The ecology and management of the gopher tortoise in the southeastern United States
Document Type: Journal Article
Author(s): J. E. Diemer
Publication Year: 1986

Cataloging Information

  • agriculture
  • Aristida stricta
  • biomass
  • catastrophic fires
  • Cladium mariscoides
  • community ecology
  • conservation
  • Crataegus
  • distribution
  • Drymarchon corais
  • ecosystem dynamics
  • ecotones
  • education
  • Eumeces
  • fire adaptations (animals)
  • fire adaptations (plants)
  • fire frequency
  • fire regimes
  • flatwoods
  • Florida
  • forest fragmentation
  • Georgia
  • Gopherus polyphemus
  • grasses
  • ground cover
  • habitat conversion
  • herbaceous vegetation
  • land use
  • logging
  • Louisiana
  • Mississippi
  • native species (animals)
  • native species (plants)
  • Neoseps reynoldsi
  • nesting
  • north Florida
  • nutrient cycling
  • nutrients
  • old fields
  • Peromyscus floridanus
  • pine hardwood forests
  • Pinus clausa
  • Pinus elliottii
  • Pinus palustris
  • plantations
  • population ecology
  • predation
  • public information
  • Quercus laevis
  • Rana aurora
  • reproduction
  • roads
  • sandhills
  • scrub
  • seed dispersal
  • site treatments
  • soil leaching
  • South Carolina
  • south Florida
  • succession
  • Taxodium distichum
  • threatened and endangered species (animals)
  • urban habitats
  • vulnerable species or communities
  • wildlife food habits
  • wildlife food plants
  • wildlife habitat management
Record Maintained By:
Record Last Modified: June 1, 2018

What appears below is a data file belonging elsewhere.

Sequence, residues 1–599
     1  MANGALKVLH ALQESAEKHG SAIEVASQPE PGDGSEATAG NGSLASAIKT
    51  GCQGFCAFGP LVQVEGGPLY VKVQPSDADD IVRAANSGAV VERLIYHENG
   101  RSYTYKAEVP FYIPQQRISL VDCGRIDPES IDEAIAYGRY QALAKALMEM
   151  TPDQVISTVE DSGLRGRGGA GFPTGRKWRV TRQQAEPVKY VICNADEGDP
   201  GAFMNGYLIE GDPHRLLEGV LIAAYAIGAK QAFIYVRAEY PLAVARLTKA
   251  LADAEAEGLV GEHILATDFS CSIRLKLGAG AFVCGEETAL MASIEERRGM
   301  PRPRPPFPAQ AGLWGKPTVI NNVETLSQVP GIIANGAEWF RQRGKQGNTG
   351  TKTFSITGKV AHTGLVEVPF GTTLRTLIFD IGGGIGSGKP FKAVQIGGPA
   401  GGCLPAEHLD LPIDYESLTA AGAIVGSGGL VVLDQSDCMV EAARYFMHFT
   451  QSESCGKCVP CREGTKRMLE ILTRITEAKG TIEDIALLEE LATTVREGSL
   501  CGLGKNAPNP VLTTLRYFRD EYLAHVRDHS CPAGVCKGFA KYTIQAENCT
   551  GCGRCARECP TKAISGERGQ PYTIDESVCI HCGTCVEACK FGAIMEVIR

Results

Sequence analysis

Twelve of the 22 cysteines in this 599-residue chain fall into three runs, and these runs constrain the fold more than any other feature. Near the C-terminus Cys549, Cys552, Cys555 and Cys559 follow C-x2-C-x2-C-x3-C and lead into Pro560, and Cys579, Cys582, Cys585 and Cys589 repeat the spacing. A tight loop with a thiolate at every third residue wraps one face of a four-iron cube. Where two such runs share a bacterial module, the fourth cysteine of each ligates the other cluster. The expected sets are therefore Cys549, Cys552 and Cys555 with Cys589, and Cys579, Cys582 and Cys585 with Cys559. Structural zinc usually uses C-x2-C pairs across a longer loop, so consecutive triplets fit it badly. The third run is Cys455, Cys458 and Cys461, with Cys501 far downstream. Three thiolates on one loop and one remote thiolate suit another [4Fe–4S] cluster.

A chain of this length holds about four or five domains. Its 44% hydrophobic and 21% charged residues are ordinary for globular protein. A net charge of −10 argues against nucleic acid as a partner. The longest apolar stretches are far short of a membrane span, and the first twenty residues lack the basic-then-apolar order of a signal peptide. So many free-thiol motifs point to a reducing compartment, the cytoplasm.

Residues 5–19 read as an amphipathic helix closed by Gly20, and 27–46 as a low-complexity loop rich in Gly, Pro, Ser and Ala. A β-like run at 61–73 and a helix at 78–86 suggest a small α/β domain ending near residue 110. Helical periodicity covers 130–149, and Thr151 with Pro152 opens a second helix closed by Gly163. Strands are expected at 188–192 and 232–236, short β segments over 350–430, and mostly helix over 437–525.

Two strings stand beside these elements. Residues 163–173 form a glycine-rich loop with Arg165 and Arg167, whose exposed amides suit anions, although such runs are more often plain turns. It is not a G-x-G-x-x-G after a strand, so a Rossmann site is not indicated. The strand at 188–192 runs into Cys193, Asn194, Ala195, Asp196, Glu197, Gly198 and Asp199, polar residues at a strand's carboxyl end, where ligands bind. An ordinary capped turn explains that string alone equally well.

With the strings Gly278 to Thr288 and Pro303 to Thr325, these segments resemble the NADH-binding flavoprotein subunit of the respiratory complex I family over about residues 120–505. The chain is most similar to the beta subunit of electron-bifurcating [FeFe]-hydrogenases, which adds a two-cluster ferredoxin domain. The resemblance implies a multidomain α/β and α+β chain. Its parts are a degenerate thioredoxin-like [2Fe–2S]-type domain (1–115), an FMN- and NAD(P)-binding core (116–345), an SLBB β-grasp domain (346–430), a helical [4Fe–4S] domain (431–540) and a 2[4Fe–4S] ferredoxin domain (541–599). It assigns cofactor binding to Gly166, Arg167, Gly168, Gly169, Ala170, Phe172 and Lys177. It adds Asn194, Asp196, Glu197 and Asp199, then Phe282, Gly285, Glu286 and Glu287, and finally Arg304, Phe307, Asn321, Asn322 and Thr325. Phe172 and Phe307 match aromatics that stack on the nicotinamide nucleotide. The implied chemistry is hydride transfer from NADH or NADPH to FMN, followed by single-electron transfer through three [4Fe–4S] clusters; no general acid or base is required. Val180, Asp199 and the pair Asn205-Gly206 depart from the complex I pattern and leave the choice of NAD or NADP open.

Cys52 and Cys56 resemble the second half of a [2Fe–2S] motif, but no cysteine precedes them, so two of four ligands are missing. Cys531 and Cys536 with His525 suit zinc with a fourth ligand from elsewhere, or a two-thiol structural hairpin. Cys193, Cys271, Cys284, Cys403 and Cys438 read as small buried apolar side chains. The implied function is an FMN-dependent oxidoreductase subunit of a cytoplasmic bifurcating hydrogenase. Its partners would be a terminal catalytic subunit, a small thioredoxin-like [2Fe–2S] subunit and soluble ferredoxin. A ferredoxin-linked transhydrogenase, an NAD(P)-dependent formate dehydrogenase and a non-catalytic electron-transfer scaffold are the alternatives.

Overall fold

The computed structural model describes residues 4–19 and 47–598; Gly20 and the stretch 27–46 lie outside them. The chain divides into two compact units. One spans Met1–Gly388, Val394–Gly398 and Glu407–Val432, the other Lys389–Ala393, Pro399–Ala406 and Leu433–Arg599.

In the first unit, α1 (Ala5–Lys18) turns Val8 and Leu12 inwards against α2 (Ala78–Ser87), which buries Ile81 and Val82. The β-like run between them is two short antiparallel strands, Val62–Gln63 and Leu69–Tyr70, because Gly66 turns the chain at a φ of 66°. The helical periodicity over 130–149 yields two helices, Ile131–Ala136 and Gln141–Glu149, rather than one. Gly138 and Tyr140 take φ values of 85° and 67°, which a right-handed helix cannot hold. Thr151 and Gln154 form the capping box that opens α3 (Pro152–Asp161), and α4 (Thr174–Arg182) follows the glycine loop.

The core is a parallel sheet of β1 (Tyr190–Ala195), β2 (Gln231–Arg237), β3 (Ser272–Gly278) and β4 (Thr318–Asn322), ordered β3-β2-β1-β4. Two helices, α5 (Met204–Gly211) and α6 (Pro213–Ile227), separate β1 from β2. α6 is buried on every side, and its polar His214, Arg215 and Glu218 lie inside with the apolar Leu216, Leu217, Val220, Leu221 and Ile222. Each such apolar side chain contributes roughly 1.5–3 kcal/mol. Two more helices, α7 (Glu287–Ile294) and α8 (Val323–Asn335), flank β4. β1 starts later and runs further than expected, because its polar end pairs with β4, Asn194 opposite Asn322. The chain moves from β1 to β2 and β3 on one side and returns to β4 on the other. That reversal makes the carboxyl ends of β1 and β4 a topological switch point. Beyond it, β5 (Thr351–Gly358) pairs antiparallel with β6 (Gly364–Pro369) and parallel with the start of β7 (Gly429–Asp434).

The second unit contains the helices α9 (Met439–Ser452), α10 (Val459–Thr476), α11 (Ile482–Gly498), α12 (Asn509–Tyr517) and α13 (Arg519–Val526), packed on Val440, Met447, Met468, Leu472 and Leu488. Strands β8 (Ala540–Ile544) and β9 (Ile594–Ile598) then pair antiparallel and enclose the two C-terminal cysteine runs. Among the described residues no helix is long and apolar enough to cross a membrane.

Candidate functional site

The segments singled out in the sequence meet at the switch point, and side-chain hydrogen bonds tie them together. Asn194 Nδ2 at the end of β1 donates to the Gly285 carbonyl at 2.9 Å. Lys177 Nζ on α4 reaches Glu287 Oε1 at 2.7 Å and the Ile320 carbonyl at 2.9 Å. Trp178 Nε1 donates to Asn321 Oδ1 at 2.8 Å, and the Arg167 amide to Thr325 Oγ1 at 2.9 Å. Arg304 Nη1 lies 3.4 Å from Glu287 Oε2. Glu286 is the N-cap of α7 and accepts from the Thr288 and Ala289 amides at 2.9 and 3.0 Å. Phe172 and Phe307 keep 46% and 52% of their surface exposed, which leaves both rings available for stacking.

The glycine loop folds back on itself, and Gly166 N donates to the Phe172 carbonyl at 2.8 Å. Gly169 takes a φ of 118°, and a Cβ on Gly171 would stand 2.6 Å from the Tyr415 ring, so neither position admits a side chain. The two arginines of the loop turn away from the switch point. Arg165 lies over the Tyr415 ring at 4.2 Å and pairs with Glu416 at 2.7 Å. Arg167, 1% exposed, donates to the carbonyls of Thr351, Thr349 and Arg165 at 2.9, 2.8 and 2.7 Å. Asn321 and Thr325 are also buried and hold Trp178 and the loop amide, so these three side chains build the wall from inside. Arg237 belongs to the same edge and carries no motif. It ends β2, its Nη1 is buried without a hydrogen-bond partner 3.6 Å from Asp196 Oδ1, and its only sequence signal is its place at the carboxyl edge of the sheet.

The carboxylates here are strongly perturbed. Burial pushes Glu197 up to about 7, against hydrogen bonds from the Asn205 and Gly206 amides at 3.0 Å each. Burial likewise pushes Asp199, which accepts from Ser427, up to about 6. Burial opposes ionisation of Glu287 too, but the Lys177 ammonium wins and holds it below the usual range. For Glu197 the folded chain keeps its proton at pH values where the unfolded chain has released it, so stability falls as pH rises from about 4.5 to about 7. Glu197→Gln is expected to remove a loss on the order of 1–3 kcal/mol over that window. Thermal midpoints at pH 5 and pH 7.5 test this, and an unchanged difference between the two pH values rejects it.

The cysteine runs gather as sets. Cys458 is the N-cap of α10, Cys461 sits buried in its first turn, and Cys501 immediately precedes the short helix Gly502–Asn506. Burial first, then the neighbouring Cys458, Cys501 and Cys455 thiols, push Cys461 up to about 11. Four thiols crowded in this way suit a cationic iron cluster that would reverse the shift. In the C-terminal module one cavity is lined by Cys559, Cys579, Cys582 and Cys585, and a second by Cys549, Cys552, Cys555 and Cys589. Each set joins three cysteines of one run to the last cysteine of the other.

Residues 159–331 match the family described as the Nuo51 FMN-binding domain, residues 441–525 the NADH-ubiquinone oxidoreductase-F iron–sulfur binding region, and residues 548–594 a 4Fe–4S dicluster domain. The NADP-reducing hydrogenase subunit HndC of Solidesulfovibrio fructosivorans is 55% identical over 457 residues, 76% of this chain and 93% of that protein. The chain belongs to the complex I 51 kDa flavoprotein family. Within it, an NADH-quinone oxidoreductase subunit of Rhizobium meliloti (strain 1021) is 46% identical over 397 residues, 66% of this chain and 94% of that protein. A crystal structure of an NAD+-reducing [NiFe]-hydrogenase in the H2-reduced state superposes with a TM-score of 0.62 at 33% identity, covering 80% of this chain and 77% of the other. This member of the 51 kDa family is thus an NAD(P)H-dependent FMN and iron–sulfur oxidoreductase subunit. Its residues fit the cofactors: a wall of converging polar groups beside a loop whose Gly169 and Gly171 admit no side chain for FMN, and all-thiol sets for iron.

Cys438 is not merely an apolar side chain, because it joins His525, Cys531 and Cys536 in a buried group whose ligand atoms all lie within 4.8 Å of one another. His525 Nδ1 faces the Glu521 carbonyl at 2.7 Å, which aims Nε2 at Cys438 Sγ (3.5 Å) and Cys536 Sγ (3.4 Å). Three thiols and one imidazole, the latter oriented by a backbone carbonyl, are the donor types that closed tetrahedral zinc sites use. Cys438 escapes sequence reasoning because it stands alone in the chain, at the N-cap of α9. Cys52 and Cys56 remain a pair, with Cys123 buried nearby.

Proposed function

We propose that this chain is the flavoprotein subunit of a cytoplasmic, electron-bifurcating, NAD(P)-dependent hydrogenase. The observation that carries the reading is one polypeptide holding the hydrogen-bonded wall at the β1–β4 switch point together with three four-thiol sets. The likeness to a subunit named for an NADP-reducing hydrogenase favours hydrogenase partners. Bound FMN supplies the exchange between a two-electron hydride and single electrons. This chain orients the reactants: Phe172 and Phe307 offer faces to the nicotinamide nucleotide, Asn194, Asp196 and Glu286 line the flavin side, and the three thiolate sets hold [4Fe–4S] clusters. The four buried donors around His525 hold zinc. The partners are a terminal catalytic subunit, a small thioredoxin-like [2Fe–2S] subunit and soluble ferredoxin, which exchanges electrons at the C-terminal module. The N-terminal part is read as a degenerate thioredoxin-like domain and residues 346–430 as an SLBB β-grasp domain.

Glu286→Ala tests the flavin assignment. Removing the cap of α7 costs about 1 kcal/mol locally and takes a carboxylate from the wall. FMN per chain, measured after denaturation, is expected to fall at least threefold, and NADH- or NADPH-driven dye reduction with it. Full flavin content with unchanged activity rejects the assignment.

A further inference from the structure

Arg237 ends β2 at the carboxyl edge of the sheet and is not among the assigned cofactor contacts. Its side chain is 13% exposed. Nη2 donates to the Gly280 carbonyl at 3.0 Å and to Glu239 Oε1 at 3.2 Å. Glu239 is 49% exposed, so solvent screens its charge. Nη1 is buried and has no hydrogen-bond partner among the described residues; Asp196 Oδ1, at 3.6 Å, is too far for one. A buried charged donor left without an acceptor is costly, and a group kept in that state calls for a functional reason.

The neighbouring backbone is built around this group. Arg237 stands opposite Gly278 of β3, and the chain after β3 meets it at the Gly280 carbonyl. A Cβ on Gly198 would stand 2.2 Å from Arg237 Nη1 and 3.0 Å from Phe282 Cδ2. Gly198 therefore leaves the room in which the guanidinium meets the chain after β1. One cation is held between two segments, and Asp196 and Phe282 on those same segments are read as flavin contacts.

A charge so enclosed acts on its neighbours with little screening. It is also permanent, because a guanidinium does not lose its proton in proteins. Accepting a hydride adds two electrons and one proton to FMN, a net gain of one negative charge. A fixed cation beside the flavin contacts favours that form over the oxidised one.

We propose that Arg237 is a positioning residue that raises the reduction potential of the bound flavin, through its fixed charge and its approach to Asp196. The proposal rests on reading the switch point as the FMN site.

FRAMES Record Number: 40695
Tall Timbers Record Number: 15486
TTRS Location Status: In-file
TTRS Call Number: Fire File
TTRS Abstract Status: Okay, Fair use, Reproduced by permission

This bibliographic record was either created or modified by the Tall Timbers Research Station and Land Conservancy and is provided without charge to promote research and education in Fire Ecology. The E.V. Komarek Fire Ecology Database is the intellectual property of the Tall Timbers Research Station and Land Conservancy.


Recent research on the gopher tortoise (Gopherus polyphemus) has indicated its ecological importance, revealed reasons for its decline, and suggested management strategies. It is generally associated with the sandhill community but occurs in a variety of other natural and ruderal habitats. Limiting factors include well-drained sandy soil, adequate herbaceous food, and sunlit nesting sites. Tortoise densities and movements are related to herbaceous biomass. As the principal sandhill grazer, the gopher tortoise serves as a seed dispersal agent for native groundstory plants. The burrowing habits of the gopher tortoise return leached nutrients to the surface and the burrows provide refuges for many other species. Female gopher tortoises reach sexual maturity at 10-20 yr of age and produce a single annual clutch of about six eggs. Recruitment is reduced by heavy egg and hatchling predation. The major reasons for the decline of the gopher tortoise are habitat destruction, habitat degradation, and human predation. Recommended conservation measures include prescribed burning of sandhill habitat, establishment of preserves, protection from over-harvest restocking, and public education. ©1986 The Herpetologists' League, Inc. Abstract reproduced by permission.

Online Link(s):
Diemer, J. E. 1986. The ecology and management of the gopher tortoise in the southeastern United States. Herpetologica, v. 42, no. 1, p. 125-133.